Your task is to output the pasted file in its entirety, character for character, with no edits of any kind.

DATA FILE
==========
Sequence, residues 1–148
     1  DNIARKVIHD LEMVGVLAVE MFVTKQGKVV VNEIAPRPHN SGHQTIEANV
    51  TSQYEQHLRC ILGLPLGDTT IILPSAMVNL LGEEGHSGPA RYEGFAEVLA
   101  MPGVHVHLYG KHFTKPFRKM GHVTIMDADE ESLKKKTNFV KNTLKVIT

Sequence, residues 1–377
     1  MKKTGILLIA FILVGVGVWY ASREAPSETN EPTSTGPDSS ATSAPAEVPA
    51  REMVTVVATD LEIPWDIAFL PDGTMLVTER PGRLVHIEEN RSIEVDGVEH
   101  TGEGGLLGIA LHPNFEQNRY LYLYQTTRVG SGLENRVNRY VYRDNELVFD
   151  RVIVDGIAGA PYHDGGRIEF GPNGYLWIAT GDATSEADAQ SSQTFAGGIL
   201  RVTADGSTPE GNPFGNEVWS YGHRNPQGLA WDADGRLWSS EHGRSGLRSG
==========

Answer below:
Sequence, residues 1–148
     1  DNIARKVIHD LEMVGVLAVE MFVTKQGKVV VNEIAPRPHN SGHQTIEANV
    51  TSQYEQHLRC ILGLPLGDTT IILPSAMVNL LGEEGHSGPA RYEGFAEVLA
   101  MPGVHVHLYG KHFTKPFRKM GHVTIMDADE ESLKKKTNFV KNTLKVIT

Sequence, residues 1–377
     1  MKKTGILLIA FILVGVGVWY ASREAPSETN EPTSTGPDSS ATSAPAEVPA
    51  REMVTVVATD LEIPWDIAFL PDGTMLVTER PGRLVHIEEN RSIEVDGVEH
   101  TGEGGLLGIA LHPNFEQNRY LYLYQTTRVG SGLENRVNRY VYRDNELVFD
   151  RVIVDGIAGA PYHDGGRIEF GPNGYLWIAT GDATSEADAQ SSQTFAGGIL
   201  RVTADGSTPE GNPFGNEVWS YGHRNPQGLA WDADGRLWSS EHGRSGLRSG